With the museum under pressure to respond to allegations of racial prejudice and discrimination, for James, the situation likely meant even more attention than might usually be paid to the arrival of a new associate curator of contemporary art. But for most new curatorial hires at major museums, the starting place is often a modest show drawn from the permanent collection, and Off the Record is just such a show, one that likely allowed James to familiarize herself with the museum’s holdings while also formulating a thematic construct that might tell us something about her voice as a curator.
Off the Record takes as its baseline the idea of historical documents (of various kinds, including photographs) and the “truths” they offer us. In many cases, on the surface, such materials seem to set out one set of “facts”, yet if we start to pull on their loose threads, we can often reveal other layers of truth, reality, mindset, and conflict. Artists are particularly good at wrestling with this kind of conceptual complexity, and so James has drawn together roughly a dozen relatively contemporary approaches to engaging with “documents” and then using different strategies to help expose alternate versions of what those documents might actually represent. Many of the artworks chosen by James were made by Black artists, so the show thoughtfully digs into issues of systemic racism, embedded prejudice and bias, and the Black experience more broadly.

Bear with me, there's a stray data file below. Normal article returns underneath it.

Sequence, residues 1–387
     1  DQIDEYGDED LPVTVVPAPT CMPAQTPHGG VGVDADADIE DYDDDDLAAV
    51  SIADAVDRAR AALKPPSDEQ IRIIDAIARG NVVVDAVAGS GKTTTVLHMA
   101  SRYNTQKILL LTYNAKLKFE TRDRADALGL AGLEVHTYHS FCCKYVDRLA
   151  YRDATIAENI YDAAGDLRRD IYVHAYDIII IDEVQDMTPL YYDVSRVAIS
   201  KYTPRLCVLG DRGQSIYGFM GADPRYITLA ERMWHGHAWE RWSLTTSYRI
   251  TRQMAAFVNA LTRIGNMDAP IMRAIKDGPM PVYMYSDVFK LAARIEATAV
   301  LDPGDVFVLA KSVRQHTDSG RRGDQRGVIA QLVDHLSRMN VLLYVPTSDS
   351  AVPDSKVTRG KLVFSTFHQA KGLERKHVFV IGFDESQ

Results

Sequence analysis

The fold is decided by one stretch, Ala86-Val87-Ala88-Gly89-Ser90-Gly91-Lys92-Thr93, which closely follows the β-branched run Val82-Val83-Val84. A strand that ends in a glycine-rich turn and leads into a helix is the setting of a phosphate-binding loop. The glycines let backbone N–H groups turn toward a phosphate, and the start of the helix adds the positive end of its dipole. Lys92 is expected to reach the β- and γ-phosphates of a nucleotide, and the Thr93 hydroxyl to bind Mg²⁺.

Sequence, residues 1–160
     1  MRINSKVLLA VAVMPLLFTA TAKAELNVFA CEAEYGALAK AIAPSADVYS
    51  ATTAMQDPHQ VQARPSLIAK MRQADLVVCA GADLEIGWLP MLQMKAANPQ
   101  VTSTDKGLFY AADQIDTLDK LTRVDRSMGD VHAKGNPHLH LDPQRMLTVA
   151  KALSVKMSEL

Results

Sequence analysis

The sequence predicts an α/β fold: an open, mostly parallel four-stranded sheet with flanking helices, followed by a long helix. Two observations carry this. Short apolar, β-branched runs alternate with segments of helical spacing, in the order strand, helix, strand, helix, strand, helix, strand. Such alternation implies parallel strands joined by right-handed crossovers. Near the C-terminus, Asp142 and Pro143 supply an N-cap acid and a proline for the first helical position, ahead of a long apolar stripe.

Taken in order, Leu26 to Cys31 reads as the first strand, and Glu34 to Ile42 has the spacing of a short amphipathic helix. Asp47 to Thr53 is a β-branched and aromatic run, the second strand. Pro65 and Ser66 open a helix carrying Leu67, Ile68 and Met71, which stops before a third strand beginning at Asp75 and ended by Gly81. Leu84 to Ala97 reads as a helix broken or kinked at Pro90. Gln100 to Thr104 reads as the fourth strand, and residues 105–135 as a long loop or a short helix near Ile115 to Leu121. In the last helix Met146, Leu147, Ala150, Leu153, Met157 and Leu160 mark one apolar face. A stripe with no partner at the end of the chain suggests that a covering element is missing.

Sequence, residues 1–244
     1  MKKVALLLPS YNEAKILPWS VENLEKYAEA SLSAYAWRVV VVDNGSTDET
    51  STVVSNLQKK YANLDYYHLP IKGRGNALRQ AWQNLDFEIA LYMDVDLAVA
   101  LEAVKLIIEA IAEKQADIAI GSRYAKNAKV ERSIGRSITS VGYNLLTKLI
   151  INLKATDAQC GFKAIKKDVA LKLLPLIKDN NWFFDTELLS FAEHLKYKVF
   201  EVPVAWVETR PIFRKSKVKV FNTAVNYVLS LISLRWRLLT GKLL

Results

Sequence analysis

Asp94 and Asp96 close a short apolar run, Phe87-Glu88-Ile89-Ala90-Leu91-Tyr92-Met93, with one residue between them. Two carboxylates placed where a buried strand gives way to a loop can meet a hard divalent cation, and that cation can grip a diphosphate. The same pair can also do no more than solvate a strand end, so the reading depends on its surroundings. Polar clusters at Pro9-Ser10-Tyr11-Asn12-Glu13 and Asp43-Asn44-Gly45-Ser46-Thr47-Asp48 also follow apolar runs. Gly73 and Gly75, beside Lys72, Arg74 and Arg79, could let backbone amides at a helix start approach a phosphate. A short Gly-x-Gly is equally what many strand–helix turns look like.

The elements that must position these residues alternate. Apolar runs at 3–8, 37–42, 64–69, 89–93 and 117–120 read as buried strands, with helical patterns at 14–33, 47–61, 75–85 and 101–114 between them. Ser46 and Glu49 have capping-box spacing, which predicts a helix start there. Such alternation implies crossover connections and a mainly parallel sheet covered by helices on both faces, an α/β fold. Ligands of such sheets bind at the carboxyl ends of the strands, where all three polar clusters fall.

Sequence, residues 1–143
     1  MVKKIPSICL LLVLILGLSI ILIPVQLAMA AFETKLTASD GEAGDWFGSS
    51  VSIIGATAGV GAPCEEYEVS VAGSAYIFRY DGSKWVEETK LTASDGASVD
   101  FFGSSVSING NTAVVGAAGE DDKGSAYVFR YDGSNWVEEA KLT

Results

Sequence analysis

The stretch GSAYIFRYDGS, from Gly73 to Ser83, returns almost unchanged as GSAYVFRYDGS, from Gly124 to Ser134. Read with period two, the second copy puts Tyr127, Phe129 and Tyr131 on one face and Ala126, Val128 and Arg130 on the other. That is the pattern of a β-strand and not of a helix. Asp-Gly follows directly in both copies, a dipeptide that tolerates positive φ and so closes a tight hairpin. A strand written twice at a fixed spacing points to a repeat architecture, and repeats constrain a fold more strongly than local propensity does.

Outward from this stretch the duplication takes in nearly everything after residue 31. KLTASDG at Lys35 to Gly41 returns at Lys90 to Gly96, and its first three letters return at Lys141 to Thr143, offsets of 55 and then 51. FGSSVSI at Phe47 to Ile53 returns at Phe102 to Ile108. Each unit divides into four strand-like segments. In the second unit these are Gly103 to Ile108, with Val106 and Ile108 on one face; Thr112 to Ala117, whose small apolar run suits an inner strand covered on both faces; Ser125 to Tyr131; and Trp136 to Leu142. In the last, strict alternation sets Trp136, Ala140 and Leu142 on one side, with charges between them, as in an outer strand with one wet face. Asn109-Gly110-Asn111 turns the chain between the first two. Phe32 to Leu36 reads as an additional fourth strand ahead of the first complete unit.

Chronologically, the show begins with Sarah Charlesworth in the late 1970s and moves forward to the present. Charlesworth’s blanked out newspaper front pages lead a selection of works that use removal as their method of artistic intervention. For an entire month in 1977, Charlesworth removed all the text from the front page of the Herald Tribune, leaving only the accompanying black and white photographs. Without headlines and news stories, the sparsely populated spreads tell us something insightful about attention – about what kinds of stories get told (war, geopolitics, government), what kinds of people they feature (overwhelmingly white men), and as a corollary, what kinds of news is omitted or marginalized. Hank Willis Thomas uses removal in a slightly different manner in his smart series Unbranded: Reflections in Black by Corporate America 1968-2008. He too removed the surrounding text, this time from ads featuring Black subjects, highlighting the stereotypes and visual tropes (jungle animals, patterned fabrics, robes, and a strangely smiling Billy Dee Williams) around the presentation of Black people that lay underneath seemingly innocuous cigarette, shampoo, and beauty product setups. And Lisa Oppenheim inverts the sense of removal in her works – starting with FSA prints that Walker Evans hole-punched to prevent them from being used, she reimagined the content of the small holes, allowing us to “see” the gaps in a corn field, a clock tower, and a girl holding a wash bucket, filling out what the original documents refused to communicate.